Solved by a verified expert:A variety of protein toxins, such as the bacterial toxins Pseudomonas
toxin and Shiga toxin and the plant toxin ricin, are heteromeric
proteins consisting of A and B subunits.
The A subunit is catalytic. For Shiga toxin, the proximal cause
of food poisoning due to bacterially contaminated hamburger, the A subunit is
an N-glycosidase and specifically cleaves 28S ribosomal RNA, thereby
inhibiting protein synthesis in cells that have been attacked by this toxin.
Amazingly, only one molecule of A subunit when introduced into the cytosol is
sufficient to kill a cell. The B subunit targets Shiga toxin to the ER
by binding to a glycolipid GM3 on the cell surface, which acts as the Shigatoxin
internalization receptor. Shigatoxin is internalized into endosomes,
from endosomes it is transferred to the Golgi complex, and from the Golgi
complex it goes to the ER where the A and B subunits dissociate. Finally, the
free A subunit of Shigatoxin is transferred into the cytosol from the
lumen of the ER by the Sec61 protein translocon.
In a series of experiments designed to compare the
mechanisms of Pseudomonas toxin and Shigatoxin transfer from the
Golgi complex to the ER, investigators first sequenced the respective targeting
subunits. The C-terminal 24 amino acids of the B subunits of Pseudomonas
toxin and Shiga toxin are shown below:

C-terminal 24 amino acids of Pseudomonas toxin B

C-terminal 24 amino acids of Shiga toxin B subunit

a) From inspection of
these sequences, what is the probable targeting receptor for transfer of Pseudomonas
toxins from the Golgi apparatus to the ER?
(10 points)

To test this prediction directly, investigators
experimentally characterized the role of COPI coat proteins and KDEL receptors
in intoxication. Monkey cells were microinjected with antibodies directed
against either COPI coat proteins or the cytosolic domain of KDEL receptors.
Cells then were incubated with Pseudomonas or Shiga toxin for 4
h. Protein synthesis was determined following a 30-minute pulse labeling with [35S]methionine.
Results are shown in the accompanying figure, with controls showing the low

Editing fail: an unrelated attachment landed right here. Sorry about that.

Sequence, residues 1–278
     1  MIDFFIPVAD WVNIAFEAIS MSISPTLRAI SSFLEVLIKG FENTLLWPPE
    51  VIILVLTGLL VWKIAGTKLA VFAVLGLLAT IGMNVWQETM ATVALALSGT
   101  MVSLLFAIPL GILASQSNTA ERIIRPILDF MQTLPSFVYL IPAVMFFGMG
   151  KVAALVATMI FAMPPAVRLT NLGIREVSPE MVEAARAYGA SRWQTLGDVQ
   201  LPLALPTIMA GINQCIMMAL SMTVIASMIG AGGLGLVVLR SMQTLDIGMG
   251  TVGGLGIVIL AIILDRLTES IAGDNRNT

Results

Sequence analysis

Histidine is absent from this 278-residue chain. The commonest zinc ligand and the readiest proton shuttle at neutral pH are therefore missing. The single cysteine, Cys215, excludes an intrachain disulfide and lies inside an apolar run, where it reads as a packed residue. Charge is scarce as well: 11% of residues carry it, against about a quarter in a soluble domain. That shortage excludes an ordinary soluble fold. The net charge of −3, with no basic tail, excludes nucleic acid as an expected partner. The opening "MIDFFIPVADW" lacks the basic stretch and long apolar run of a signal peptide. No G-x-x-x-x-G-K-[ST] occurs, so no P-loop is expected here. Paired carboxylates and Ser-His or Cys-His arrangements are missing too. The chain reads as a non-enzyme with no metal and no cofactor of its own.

level of protein synthesis caused by incubation with either Pseudomonas
or Shigatoxin without antibody injection.

b) How do these
results support your sequence-based predictions and the known role of COPI coat
protein in retrograde transport? Can you formulate a hypothesis for how Shiga
toxin is transported from the Golgi to the ER?
(5 points)

To explore further whether or not Shiga toxin transfer from
the Golgi apparatus to the ER depends on COPI coat proteins, investigators
prepared two different fluorescent dye–conjugated Shiga toxin B subunits and then assessed by fluorescence microscopy
transport of the B subunits from the Golgi complex to the ER. The first
preparation was Cy3-conjugated wild-type B subunit. The second preparation was
Cy3-conjugated B subunit in which the C terminus was extended by the four amino
acids KDEL (B-KDEL). Cells were microinjected with antibody directed against
COPI coat proteins. Following microinjection, cells were incubated with
fluorescent B subunit for various periods of time and B subunit distributions
scored. The results are shown in the figure below. (Anti-EAGE is the WT and the
noninjected/B-KDEL, and anti-EAGE/BDEL is the one that with the extended KDEL

c) What evidence do
these results provide for or against transport of wild-type Shiga toxin B subunit from the Golgi
complex to the ER in COPI-coated vesicles? What is the importance of the
results with B-KDEL in interpreting the overall results of these
experiments? (5 points)